A recent study by Case Western Reserve University of HIV positive gay men found that “those younger than 50 suffered from greater disconnection from family and friends than the older cohorts. HIV stigma played a major role; the peers of the younger group apparently don’t identify as well with someone who is living with a chronic condition. The blame game is also at play: Young people with HIV may feel that others both fault them for acquiring the virus and try to avoid them because they perceive them to be sick.” Those who are over 50 tended to have stronger support networks.
I don’t long for the “bad old days”, when memorial services and fundraising events constituted most of my social life. But the immediacy of the crisis created a sense of community that is largely gone. Other issues have stolen our attention. Our lives went on, even if those of our friends did not.
The 26th annual World AIDS Day is December 1. The theme this year is “Shared Responsibility: Strengthening Results for an AIDS-Free Generation”.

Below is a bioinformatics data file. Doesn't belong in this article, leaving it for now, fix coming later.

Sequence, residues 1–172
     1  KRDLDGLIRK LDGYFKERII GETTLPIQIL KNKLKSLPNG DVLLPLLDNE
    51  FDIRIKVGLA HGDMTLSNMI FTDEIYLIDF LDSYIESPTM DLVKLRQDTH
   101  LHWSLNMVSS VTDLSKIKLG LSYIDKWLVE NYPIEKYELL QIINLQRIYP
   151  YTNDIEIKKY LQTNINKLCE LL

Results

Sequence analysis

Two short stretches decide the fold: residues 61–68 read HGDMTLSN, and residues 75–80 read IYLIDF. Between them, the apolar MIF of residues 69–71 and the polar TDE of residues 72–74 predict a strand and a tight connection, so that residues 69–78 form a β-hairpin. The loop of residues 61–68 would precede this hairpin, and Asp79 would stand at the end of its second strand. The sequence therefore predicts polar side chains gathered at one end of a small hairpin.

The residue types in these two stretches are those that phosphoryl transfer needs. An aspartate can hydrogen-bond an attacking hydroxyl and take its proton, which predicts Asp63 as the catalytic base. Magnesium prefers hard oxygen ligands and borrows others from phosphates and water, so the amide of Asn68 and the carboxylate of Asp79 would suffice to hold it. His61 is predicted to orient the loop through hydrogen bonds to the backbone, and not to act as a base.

Shared responsibility, to me, begins with the widespread dissemination of accurate information on HIV/AIDS prevention and treatment: in schools and colleges, bars and homeless shelters, clinics and churches. There is shocking ignorance, particularly among young people, of their options for avoiding infection (not just condoms, but PrEP) and emergency treatment after possible infection (PEP).
Education is just the start. Funding has leveled off or declined at the federal, state and local levels: not just for prevention and treatment, but for the complicating issues of poverty, homelessness, drug abuse, mental health. Those issues represent high-risk populations that are not getting the focus they deserve.
For those living with HIV/AIDS, there is a need for more effective coordination of services: food and housing, medical treatment, mental health or drug counseling, employment, peer support. And now, thirty-plus years after the beginning of the epidemic, we have a new demographic we never anticipated: long-term survivors.